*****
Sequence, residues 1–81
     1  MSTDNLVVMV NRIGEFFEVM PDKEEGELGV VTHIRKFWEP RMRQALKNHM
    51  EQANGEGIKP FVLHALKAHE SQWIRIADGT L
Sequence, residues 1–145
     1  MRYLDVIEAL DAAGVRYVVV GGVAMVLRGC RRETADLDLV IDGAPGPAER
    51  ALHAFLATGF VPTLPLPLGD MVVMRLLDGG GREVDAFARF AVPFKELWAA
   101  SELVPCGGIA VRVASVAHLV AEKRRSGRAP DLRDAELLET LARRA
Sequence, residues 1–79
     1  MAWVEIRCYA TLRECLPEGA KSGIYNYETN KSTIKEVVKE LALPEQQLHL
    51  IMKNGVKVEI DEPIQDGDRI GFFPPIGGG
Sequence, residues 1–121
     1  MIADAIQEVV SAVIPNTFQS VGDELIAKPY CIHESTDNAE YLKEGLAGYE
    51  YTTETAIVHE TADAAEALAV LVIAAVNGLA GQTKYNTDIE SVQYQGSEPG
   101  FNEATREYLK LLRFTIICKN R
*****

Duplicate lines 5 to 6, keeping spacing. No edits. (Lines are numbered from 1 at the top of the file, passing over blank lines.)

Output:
     1  MRYLDVIEAL DAAGVRYVVV GGVAMVLRGC RRETADLDLV IDGAPGPAER
    51  ALHAFLATGF VPTLPLPLGD MVVMRLLDGG GREVDAFARF AVPFKELWAA